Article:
A Magical Summer of Hurling

Brian Flannery Reports

Those who questioned the wisdom of the revised All-Ireland Senior Hurling Championship format may well require a rethink in the wake of a sensational summer of action, and a semi-final weekend we’ll never forget. Because make no mistake, this has been arguably the most exciting Championship ever (or at least in my memory which dates back to the 1980 season).
Last weekend we had the first All-Ireland Semi-Finals in the same season which both went to extra time, two games which showcased everything that is good about the game of hurling.
On Saturday evening we witnessed Clare recovering from a horrid start and a nine point deficit to come storming back into the game forcing extra-time and eventually a replay this Sunday afternoon at Semple Stadium (2pm).

Proud: Limerick senior hurling manager John Kiely. 			| Photos: Noel

Proud: Limerick senior hurling manager John Kiely. | Photos: Noel


What a brilliant game this was. Early on Galway out-muscled their opponents with Jonathan Glynn causing major problems on the edge of the square. Clare eventually dropped Colm Galvin back to help out his under siege full-back line and he began to win a huge amount of breaking ball and was the fulcrum for many of the Banner’s best attacking moves.
Peter Duggan also provided an ideal outlet for Donal Tuohy to hit from puck-outs when the short option wasn’t available. Duggan’s accuracy was crucial to his team’s success and influence on the outcome. Indeed, Peter Duggan’s amazing point from play near the end of normal time sits comfortably alongside Ciaran Carey’s memorable score in the 1996 Munster final as one of the best points ever scored in the history of the game. John Conlon hit four from play and remains in the conversation for Hurler of the Year.
Aaron Shanagher rattling the net on introduction in his first game in almost a year following a cruciate knee operation was another point of note on an evening of many.
The reigning champions took the blows and lost Gearóid McInerney and Joe Canning to injury but are still standing.
Padraig Mannion was immense throughout as was Conor Whelan and it really is back to zero-zero for both teams this Sunday and really you couldn’t be certain of anything in this seasons hurling championship.

On the laws of averages, the second All-Ireland hurling semi-final couldn’t possibly be as good as the first, could it? Well low and behold we enjoyed another thriller and instant classic within twenty four hours.Munster rivals Limerick and Cork served up another thrill a minute with the Treaty men coming from six points behind with less than 10 minutes of normal time to play.
Conor Lehane had sent a bullet to the roof of the net to help establish this substantial lead. By this stage the cavalry had arrived in the form of Shane Dowling, Peter Casey, Pat Ryan and Will O’Donoghue. This provided Limerick with another injection of pace and energy.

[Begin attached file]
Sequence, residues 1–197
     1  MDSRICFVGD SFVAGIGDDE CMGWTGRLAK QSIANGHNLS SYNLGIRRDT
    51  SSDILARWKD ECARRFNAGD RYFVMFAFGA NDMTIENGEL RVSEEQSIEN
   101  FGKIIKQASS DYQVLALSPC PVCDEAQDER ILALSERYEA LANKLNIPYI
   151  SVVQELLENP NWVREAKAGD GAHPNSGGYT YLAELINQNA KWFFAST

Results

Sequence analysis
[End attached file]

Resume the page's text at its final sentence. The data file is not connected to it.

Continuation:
Clare's David McInerney pictured with Waterford’s Stephen Bennett at Cusack Park. The Banner have responded superbly to their provincial final defeat.

Clare's David McInerney pictured with Waterford’s Stephen Bennett at Cusack Park. The Banner have responded superbly to their provincial final defeat.


Dowling landed a monster free while Aaron Gillane nailed every opportunity that came his way including a free from the side-line on the 20-metre line. Nicky Quaid kept Limerick in the game and in the championship with a remarkable diving flick to deny Cork Captain Seamus Harnedy a certain match winning goal. Patrick Horgan nailed an equalising free to send the game to extra-time.
It was all Limerick from here on. Substitutes Shane Dowling and Pat Ryan both found the net in extra-time to send John Kiely and his team to a first All-Ireland final since 2007.
Two great games with three teams still in the hunt for one the hardest Championships ever to win.

The next Deise manager…

On the local scene Waterford remains a county without a manager. Pat Ryan of Sarsfields in Cork appeared set to be anointed with bookmakers suspending betting on the successor to Derek McGrath. However, more recent reports suggest that on reflection the Cork man decided his future would be best served contributing to his native Cork’s future hurling fortunes with a likely link up with the Cork minors for 2019.

The selection panel consisting of the four county board officers, Paddy Joe Ryan, Pat Flynn, Sean Michael O’Regan and John Jackson will have to go back to the drawing board with current player reps Noel Connors and Kevin Moran also believed to be involved with regard this important appointment.
Of course any recommendation of the selection panel will have to be ratified by the clubs before any appointment is confirmed. Where and to whom next the selection panel turn to is anyone’s guess.
But one name is worth referencing here, in this observer’s view. Over the past 59 years, Waterford has won three hurling All-Ireland hurling titles with Sean Power the manager for two out of three of these triumphs with the late Tony Mansfield being the other with Waterford’s 1992 U-21 win.

Sean Power, as things stand, doesn’t appear to have gained sufficient purchase from the board members despite his unrivalled success.
To date, eight of Sean Power’s protégés have graduated to play Senior Championship and these players currently make up over half the Waterford senior hurling team while others like Conor Prunty, Mark O’Brien and Darragh Lyons were also part of this year’s senior panel. Sometimes, the best solution is often right in front of you.

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